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It’s a very old building, but it easily accommodated the 32+ quilters and guests of the Comox Valley Schoolhouse Quilters’ Guild who had signed up for a weekend of quilting fun.

The location was absolutely gorgeous. Here is the view from the sundeck of the building.

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Hard to concentrate on sewing at first, but the view wasn’t going to run away, so we got to work. It was my first time at a quilting retreat and I went along as a guest of a friend who is a seasoned quilter.

Below, you can see how we set up our sewing machines and our workspace on the “no view” side of the room.

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Towards the view side, several other quilters have set up their workspace. All have brought their own sewing machines – mostly Bernina, Janome, and Pfaff –  and they have brought their pre-cut fabric. Some brought irons and ironing boards which they shared with the group. Many arrived with extra folding tables and some even brought their own comfortable adjustable chairs, in anticipation of many hours of sitting hunched over a sewing machine.

You can see the extra round tables at the far end of the hall. This is where the group was served meals from Thursday to Sunday afternoon. The excellent food was prepared on the premises, mostly from scratch. Best of all, the guests had a whole weekend without having to wash dishes.

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A second room in the older part of the building accommodated many more quilters. See the setups in the photo below.

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Here is one lady’s workspace with fabric pieces cut out and labeled, each ready for placement in the correct spot. Some quilters are working from a pattern while others are making it up as they go along. This workspace holds more than 22 items, but each of them is necessary for the job. I was impressed by the organization of materials.

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The first afternoon and evening, I frequently thought about home. I wondered if this or that little job was being done, now that I wasn’t there to take care of it:

Were the dogs being let in or out of the house when they needed it?

Were they being fed?

Did the Captain remember how to use the dishwasher?

Did he remember to turn off the stove?

Did he remember to lock the doors before going to bed?

Did he blah, blah, blah…?  Nag, nag, nag….

Finally, I called home. Everything was fine, and I relaxed and shut these things out of my mind for the rest of the weekend. I concentrated on my sewing and listened with half an ear to the other women telling stories. After supper, many of the women had gone to their rooms and come back up to the sewing room in their pyjamas or muu-muus. Might as well be comfortable as hours of sewing still lay ahead.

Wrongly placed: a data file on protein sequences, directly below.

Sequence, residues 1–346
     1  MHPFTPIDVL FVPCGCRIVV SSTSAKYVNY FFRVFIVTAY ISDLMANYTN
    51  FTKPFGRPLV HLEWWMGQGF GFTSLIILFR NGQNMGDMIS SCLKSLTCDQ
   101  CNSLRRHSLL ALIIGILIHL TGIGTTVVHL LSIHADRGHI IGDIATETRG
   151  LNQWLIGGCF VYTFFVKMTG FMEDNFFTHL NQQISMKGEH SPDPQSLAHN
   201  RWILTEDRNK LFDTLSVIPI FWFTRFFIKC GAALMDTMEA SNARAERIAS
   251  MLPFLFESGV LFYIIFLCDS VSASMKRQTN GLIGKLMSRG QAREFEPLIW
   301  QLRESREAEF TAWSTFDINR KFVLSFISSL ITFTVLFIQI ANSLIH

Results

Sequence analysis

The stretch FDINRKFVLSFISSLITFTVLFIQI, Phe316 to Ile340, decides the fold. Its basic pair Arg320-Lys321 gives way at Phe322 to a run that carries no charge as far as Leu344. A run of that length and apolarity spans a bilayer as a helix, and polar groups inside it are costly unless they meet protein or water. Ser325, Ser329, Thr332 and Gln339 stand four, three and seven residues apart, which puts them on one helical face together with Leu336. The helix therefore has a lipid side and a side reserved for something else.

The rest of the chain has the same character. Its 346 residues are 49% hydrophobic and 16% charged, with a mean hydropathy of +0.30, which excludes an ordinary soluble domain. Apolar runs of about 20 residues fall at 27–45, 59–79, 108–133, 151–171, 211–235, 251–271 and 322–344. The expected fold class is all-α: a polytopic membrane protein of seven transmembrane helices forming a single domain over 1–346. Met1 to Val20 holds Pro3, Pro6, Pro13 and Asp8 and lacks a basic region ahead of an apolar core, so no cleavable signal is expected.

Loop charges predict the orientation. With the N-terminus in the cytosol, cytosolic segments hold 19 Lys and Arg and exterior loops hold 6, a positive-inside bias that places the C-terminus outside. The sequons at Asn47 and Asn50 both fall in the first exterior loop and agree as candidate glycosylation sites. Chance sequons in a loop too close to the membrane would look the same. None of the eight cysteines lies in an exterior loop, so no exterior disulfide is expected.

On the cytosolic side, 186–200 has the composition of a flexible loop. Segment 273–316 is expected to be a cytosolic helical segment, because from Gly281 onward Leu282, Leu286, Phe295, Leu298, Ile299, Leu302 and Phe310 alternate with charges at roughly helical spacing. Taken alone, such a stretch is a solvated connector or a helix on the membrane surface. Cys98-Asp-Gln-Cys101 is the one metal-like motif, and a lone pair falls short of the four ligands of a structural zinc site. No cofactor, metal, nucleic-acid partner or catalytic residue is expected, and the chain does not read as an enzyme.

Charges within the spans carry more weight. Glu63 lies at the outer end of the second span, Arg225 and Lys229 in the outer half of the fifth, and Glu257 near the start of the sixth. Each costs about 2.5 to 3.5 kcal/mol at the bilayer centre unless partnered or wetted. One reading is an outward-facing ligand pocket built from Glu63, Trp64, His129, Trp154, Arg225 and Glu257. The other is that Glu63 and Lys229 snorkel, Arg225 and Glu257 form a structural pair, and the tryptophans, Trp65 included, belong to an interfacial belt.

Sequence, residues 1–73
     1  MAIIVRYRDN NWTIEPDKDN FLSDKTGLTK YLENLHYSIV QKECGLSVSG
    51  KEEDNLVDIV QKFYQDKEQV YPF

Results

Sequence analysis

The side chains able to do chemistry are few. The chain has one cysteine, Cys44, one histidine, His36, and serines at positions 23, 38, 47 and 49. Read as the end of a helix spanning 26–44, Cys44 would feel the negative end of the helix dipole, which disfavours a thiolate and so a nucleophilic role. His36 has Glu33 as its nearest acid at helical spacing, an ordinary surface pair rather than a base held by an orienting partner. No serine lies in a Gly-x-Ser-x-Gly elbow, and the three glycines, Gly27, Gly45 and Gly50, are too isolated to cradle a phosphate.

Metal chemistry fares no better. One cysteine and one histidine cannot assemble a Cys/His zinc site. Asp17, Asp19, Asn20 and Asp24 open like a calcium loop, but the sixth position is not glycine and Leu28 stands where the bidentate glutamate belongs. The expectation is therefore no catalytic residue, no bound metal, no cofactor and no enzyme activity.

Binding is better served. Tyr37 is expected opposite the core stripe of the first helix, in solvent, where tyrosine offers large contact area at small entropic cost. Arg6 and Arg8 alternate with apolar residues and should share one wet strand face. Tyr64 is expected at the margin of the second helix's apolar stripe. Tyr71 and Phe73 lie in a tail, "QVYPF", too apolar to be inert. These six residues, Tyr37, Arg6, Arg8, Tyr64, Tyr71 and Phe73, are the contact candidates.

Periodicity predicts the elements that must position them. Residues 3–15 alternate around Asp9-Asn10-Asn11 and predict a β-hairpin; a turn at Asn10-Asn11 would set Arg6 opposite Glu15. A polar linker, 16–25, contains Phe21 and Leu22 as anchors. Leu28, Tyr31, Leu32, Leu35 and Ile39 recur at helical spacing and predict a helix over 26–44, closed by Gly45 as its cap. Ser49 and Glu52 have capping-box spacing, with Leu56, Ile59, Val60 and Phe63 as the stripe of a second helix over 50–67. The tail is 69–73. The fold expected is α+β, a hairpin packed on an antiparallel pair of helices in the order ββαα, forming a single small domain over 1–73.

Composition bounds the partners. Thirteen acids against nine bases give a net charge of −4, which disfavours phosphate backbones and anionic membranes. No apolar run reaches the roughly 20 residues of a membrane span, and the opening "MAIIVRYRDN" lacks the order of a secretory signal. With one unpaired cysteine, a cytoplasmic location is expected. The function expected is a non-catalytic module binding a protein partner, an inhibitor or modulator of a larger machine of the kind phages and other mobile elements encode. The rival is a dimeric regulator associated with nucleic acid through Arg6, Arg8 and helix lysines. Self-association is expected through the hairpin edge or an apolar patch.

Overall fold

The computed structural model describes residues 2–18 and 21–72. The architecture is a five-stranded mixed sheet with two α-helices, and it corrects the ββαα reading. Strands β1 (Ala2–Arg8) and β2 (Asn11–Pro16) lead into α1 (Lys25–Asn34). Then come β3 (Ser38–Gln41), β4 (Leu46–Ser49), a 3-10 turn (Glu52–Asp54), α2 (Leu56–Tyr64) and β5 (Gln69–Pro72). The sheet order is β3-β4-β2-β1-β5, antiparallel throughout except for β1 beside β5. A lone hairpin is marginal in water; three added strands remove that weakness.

At times, the whole room sounded like a hive of babbling voices, punctuated with spontaneous bursts of laughter. I chuckled to myself at some of the funny laughs that some of the women had, from high-pitched “hee-hee-hee”s to raucous “haw-haw-haw”s straight from the belly, and once in a while a red-faced silent laugh interrupted by a horsey snort started everyone laughing again. You might say the storytellers left us in stitches.

Many of the women surprised me by staying up until the wee hours of the morning, but the next day at breakfast I was always surprised by how much they had accomplished (in between behaving like teen girls at a pyjama party). These were not just a bunch of old ladies. They were a group of very talented women who were sharing techniques they had learned in their many years of experience.  As the projects were completed, the finished pieces were hung on the railing of the upper floor. Each person displayed their work and went on to the next project they had brought with them.

Here are some of the projects of the second room.

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Here are some from the first room. My friend’s snowflake quilt is third from the right, and the tote bag I made is the last one on the left.

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It was a wonderful weekend, with breaks for walks in this pristine nature setting. In the next posts I’ll tell about some of those walks.

 

Will You Be My Valentine?

Just in time for Valentine’s Day, our friend Bruce has a new puppy, an American Brittany. It seems to be an oxymoron to call it American if it’s a Brittany, but they retain the name “Brittany” because France is their origin. They are now also bred in the States and some traits of the breed have changed ever so slightly.  The American Brittany is slightly larger and tends to run further afield than the smaller French Brittany which works more closely to the gun when hunting. So says Wikipedia, but who is to say how much truth is in that statement, and of course there are always exceptions.

Here, the Captain is holding Bruce’s still nameless puppy. I’ve had to fade out the Captain because the little princess wanted to be the star of the show.

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You can see that she is well fed. The line on the bridge of her nose is not a scar, but rather just the way her hairline goes, much like a cowlick. I wonder if she’s been near any cows….064a

Well fed or not, she is still interested in eating anything that becomes available. Like my friend’s rings. The princess has an eye for jewelry.

Eating the ring

We convinced her to try a slipper instead. She showed that she has a strong retrieving instinct when she fetched the slipper and rushed to the nearest mat for security.

Slipper chewer

Inspection time!

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What’s this? A very tasty insole, with a lovely texture for her puppy teeth.

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I hated to say goodbye to her, but it was so nice to have her visit.

I mentioned that Bruce has not yet named the puppy. If you have any ideas, please leave a comment to let me know your favourite name.